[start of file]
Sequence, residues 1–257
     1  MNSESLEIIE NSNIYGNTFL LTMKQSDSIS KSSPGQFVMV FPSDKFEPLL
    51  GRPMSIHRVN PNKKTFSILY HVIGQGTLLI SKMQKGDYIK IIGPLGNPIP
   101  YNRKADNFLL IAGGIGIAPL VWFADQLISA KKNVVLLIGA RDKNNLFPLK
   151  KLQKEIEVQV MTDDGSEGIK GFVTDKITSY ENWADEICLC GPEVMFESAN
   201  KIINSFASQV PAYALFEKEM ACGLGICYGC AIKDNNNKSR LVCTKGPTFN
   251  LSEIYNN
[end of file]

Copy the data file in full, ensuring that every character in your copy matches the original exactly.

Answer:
Sequence, residues 1–257
     1  MNSESLEIIE NSNIYGNTFL LTMKQSDSIS KSSPGQFVMV FPSDKFEPLL
    51  GRPMSIHRVN PNKKTFSILY HVIGQGTLLI SKMQKGDYIK IIGPLGNPIP
   101  YNRKADNFLL IAGGIGIAPL VWFADQLISA KKNVVLLIGA RDKNNLFPLK
   151  KLQKEIEVQV MTDDGSEGIK GFVTDKITSY ENWADEICLC GPEVMFESAN
   201  KIINSFASQV PAYALFEKEM ACGLGICYGC AIKDNNNKSR LVCTKGPTFN
   251  LSEIYNN